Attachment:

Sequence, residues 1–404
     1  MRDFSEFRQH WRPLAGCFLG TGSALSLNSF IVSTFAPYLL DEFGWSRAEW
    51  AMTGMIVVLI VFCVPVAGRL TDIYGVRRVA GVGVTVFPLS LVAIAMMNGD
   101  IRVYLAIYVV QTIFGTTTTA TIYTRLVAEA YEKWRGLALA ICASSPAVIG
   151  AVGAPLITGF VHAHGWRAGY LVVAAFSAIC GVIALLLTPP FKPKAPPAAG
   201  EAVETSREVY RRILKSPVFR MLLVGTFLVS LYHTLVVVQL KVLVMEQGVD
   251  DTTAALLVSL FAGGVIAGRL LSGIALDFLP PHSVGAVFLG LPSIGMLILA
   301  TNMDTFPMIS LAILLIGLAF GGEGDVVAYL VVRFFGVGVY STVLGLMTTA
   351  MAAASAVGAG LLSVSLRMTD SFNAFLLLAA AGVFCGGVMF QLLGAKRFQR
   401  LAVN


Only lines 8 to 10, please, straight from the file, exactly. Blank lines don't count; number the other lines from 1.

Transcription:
   301  TNMDTFPMIS LAILLIGLAF GGEGDVVAYL VVRFFGVGVY STVLGLMTTA
   351  MAAASAVGAG LLSVSLRMTD SFNAFLLLAA AGVFCGGVMF QLLGAKRFQR
   401  LAVN